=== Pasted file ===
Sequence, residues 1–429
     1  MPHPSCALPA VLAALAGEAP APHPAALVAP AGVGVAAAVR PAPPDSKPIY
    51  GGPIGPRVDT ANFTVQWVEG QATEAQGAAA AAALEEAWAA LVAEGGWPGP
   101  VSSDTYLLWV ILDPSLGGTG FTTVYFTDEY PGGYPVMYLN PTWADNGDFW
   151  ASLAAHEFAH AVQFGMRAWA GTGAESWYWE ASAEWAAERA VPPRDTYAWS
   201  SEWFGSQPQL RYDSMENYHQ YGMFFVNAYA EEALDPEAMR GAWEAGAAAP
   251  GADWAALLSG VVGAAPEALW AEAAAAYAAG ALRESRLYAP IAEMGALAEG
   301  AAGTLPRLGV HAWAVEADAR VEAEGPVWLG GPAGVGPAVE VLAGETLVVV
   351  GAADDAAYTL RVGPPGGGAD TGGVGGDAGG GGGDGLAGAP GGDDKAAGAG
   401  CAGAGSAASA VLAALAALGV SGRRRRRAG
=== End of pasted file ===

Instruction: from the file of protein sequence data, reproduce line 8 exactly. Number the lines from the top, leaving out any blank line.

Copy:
   301  AAGTLPRLGV HAWAVEADAR VEAEGPVWLG GPAGVGPAVE VLAGETLVVV